Some of the most spectacular examples of classical art featuring unicorns are the seven Unicorn Tapestries. Dating from 1495-1505, the tapestries are described as being South Netherlandish”. They tell the story of a unicorn being hunted and imprisoned. Made of wool with silk, silver and gilt, the tapestries are vibrantly colored and retain their beauty still today. The tapestries are on display at The Met Cloisters in New York City and were a gift from John D Rockefeller in 1937.
As part of the public access, open source program through The Met, we are able to share these beautiful images with you. To see a larger digital image, click on the title of the tapestry and it will take you to The Met website. However, if you ever have an opportunity, these tapestries and The Cloisters museum are well worth visiting in person.
The Hunters Enter the Woods (from the Unicorn Tapestries)
This tapestry is one of seven hangings at The Cloisters that depict the hunt of the unicorn, a mythical creature first mentioned by the Greek physician Ctesias in the fourth century B.C. In the Middle Ages the animal was best known for its supposed invincibility and for the therapeutic property of its horn. So strong was the belief in the horn’s miraculous cures that by the twelfth century the tusks of male narwhals, a small whale native to the Arctic, came to be regarded as “unicorn horns.”
The Unicorn Tapestries, as the group of seven is known, were probably designed in Paris but woven in Brussels. They are first documented in 1680, when they hung in the Paris home of François VI de La Rochefoucauld. By 1728 five of them decorated a bedroom at the family’s château in Verteuil, in western France. The tapestries were looted during the French Revolution but were recovered in the 1850s; by 1856 they had been restored and rehung in the château’s salon. No documentation sheds light on the early history of the tapestries, including either their commission or sequence of hanging. Striking differences in dimension and composition have prompted scholars to question whether the hangings constitute one set or are, in fact, from multiple sets.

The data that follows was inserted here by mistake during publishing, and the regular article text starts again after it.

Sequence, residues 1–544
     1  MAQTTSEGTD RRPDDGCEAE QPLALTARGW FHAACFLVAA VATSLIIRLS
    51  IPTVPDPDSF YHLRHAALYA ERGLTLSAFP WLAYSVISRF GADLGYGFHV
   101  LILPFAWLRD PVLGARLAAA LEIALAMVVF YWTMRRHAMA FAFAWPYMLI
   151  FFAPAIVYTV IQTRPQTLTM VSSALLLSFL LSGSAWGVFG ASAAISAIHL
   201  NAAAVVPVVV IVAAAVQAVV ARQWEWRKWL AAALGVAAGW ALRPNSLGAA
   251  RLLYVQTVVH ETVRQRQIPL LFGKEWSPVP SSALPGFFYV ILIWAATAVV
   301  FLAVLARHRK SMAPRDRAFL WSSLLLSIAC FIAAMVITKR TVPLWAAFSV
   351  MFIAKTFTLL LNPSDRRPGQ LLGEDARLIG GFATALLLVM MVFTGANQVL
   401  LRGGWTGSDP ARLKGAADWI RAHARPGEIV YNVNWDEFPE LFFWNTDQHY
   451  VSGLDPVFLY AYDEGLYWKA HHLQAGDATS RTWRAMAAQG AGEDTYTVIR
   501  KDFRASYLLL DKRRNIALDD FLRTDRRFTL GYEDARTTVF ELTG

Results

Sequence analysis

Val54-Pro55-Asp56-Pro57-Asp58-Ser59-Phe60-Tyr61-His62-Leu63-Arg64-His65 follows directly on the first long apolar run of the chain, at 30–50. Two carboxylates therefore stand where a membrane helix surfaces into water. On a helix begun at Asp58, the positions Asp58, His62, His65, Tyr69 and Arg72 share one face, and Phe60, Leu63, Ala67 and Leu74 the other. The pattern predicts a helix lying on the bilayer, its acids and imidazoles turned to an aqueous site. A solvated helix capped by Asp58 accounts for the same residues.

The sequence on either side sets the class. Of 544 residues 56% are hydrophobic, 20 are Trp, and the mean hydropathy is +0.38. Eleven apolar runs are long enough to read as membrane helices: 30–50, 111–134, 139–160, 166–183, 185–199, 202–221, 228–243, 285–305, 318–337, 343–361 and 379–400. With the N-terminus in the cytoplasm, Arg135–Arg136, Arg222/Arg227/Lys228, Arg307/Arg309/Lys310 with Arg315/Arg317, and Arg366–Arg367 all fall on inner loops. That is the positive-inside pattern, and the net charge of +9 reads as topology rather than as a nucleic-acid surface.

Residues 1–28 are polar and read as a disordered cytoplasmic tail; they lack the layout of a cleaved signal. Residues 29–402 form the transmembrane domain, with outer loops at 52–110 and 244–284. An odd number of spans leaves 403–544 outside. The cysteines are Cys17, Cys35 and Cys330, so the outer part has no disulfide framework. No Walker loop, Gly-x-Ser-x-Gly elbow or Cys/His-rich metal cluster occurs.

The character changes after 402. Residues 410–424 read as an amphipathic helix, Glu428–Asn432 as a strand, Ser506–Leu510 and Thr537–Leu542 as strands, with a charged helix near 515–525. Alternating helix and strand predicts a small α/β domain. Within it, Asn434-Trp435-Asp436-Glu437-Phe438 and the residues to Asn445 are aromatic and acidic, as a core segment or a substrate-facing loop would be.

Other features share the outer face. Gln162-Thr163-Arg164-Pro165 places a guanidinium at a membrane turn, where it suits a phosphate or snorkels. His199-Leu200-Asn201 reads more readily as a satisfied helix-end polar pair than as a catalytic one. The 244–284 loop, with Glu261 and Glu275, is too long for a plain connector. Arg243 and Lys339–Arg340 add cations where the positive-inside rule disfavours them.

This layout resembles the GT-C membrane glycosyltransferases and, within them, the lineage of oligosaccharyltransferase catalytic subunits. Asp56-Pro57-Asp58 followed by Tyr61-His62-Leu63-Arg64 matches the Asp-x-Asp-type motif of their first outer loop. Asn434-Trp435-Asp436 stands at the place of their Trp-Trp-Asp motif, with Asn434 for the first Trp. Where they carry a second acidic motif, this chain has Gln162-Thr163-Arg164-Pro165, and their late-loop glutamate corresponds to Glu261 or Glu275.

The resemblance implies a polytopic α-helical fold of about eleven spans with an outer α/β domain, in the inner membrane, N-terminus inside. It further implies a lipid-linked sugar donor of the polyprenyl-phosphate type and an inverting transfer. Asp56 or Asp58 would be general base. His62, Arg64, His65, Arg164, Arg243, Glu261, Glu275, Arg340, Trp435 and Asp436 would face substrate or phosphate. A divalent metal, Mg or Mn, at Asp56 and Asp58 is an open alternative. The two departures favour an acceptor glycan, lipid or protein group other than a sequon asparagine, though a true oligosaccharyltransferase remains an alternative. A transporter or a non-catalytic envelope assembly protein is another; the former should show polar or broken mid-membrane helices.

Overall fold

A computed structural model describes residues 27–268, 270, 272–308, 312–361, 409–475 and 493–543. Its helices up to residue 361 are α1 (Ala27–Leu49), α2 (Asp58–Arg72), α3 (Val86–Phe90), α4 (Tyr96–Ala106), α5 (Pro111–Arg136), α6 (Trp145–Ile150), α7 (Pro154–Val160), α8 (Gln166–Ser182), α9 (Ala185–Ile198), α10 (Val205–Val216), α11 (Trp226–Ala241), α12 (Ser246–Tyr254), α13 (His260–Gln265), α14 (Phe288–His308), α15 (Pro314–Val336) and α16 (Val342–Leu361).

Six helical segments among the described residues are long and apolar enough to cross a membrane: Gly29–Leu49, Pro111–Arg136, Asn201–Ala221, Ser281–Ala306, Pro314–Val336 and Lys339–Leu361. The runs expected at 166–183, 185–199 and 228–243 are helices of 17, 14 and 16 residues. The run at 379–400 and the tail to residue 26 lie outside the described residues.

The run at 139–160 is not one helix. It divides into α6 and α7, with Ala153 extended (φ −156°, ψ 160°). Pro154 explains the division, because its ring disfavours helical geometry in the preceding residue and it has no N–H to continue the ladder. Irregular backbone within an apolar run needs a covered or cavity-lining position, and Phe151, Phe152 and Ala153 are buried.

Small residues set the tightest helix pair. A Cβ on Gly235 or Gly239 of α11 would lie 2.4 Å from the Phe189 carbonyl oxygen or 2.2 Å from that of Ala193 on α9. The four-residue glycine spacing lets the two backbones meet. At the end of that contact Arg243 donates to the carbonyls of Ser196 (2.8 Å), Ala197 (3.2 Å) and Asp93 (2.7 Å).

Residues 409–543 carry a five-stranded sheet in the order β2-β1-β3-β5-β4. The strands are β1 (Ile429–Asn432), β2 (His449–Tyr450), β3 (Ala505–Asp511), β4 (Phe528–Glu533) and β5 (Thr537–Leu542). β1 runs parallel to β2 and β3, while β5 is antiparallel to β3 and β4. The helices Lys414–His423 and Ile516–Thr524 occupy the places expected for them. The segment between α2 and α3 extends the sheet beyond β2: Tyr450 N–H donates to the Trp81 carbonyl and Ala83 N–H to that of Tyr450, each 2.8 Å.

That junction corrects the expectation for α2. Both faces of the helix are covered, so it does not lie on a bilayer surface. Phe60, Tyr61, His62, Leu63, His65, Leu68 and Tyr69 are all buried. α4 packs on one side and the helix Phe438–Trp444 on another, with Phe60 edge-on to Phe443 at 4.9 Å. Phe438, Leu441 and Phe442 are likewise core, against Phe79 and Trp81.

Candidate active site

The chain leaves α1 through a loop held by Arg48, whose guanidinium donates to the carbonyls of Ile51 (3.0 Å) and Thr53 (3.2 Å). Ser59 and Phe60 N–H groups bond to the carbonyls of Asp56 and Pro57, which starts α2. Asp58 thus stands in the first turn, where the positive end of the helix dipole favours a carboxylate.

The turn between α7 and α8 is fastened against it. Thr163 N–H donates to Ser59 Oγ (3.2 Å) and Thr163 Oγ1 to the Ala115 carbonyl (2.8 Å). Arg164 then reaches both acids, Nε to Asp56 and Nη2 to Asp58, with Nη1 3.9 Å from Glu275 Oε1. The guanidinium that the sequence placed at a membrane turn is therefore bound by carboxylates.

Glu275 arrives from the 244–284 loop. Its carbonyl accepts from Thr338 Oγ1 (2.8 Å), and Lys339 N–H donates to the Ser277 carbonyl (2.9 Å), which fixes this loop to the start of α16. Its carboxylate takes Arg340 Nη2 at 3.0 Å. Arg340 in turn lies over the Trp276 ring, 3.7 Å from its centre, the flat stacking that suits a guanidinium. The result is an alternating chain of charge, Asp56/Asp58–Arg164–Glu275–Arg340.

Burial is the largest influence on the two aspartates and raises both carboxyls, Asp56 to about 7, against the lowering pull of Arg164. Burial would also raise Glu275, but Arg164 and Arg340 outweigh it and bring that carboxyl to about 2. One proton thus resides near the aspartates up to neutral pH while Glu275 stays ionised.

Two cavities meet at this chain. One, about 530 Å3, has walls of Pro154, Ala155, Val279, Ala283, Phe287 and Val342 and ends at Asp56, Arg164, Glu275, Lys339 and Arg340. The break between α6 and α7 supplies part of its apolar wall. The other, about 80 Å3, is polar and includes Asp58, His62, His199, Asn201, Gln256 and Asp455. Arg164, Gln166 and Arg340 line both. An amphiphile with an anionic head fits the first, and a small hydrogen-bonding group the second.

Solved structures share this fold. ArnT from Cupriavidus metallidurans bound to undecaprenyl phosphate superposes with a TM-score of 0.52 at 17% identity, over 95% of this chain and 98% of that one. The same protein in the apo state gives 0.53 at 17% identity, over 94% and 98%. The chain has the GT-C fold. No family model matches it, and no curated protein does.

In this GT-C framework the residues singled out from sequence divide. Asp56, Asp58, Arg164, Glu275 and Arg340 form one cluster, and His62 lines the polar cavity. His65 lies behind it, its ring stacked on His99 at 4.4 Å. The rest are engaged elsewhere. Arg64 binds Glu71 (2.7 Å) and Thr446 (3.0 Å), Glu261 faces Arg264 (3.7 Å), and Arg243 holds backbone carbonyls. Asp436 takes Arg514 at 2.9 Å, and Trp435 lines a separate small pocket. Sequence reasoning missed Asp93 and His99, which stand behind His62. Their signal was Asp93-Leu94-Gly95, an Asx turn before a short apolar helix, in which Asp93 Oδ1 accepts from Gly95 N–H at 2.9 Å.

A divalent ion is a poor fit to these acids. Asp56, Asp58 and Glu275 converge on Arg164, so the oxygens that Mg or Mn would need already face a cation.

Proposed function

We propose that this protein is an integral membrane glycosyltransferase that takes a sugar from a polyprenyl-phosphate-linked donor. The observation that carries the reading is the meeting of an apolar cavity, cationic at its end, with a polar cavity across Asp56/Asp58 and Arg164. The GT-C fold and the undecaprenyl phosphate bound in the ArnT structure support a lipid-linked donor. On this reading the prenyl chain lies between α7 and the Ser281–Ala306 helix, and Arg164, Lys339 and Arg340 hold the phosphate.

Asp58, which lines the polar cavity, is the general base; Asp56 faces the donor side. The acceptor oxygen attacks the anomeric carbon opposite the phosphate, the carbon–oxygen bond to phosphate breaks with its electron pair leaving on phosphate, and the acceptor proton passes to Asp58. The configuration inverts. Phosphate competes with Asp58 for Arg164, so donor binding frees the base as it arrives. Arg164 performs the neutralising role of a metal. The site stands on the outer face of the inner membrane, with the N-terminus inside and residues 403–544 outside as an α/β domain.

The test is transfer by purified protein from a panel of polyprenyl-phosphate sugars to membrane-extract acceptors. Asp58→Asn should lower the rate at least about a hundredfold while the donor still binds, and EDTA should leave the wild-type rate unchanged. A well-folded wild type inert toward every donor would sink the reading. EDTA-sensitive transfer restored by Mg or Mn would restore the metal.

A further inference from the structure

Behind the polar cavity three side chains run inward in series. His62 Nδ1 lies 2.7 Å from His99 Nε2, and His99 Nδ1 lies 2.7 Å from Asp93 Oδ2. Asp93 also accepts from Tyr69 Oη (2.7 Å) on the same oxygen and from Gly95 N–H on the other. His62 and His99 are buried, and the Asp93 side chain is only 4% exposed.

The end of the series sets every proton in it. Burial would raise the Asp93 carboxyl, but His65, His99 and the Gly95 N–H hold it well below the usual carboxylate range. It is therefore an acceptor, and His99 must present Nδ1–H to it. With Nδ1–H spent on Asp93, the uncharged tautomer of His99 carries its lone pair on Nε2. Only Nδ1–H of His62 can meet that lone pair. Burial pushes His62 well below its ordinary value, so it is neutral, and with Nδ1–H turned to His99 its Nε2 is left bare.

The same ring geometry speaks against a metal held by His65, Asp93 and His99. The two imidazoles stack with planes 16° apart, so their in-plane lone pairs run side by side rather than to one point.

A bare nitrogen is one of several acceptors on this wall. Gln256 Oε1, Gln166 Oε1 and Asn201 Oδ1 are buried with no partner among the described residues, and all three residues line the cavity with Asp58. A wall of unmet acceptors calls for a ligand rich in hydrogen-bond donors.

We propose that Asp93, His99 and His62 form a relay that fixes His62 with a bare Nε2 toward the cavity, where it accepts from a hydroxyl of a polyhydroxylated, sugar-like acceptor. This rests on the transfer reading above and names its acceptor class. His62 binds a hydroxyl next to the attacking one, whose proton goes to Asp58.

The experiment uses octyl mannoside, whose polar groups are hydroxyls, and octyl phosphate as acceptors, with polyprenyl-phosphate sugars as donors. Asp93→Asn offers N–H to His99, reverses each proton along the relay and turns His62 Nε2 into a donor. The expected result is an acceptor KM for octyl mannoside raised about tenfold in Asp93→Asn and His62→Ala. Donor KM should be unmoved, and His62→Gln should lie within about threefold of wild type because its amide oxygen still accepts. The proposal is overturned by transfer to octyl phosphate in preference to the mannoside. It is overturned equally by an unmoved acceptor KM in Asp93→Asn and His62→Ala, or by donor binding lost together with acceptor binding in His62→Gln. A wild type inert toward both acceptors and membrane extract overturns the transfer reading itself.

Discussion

The Hunters Enter the Woods, like The Unicorn in Captivity, is set against a millefleurs background: a field of dark green spangled with blossoming trees and flowers. Of the 101 species of plants represented, 85 have been identified, including the prominent cherry tree behind the hunters and lush date palm in front of the sniffing hound. The cipher “AE” that is woven into each of the Unicorn Tapestries—and repeated here five times—alludes to their original owners, who remain unknown.
The Unicorn is Found (from the Unicorn Tapestries)
In this tapestry the unicorn kneels before a tall white fountain that has a pair of pheasants and a pair of goldfinches perched on its edge. Other animals both exotic and native to Europe lounge about, while twelve hunters in the back of the scene discuss the discovery of their quarry. Flora and fauna play a significant role in the narratives of the Unicorn Tapestries. Plants prescribed in medieval herbals as antidotes to poisoning, such as sage, pot marigolds, and orange, are positioned near the stream, which is being purified by the unicorn’s magic horn.
The Unicorn is Attacked (from the Unicorn Tapestries)
According to tradition, the unicorn cannot be disturbed while performing a magical act. The attack by the hunters thus presumably begins soon after the action depicted in The Unicorn Is Found, and the scene is one filled with chaos and commotion. The ferocity of the battle is conveyed by the converging lances aimed at the animal, the sounding of the hunting horns, and the menacing hounds. Already wounded on his back, the unicorn leaps across a stream in a desperate attempt to escape his encircling enemies.
The use of hounds to scout, chase, and eventually attack the quarry was typical practice in medieval stag hunts, and the palatial buildings in the background might be a further allusion to the hunt as a royal or aristocratic pastime. Unlike The Hunters Enter the Woods and The Unicorn in Captivity, this and the other hangings are set in realistic landscapes that enhance the drama of the hunt.
The Unicorn Defends Itself (from the Unicorn Tapestries)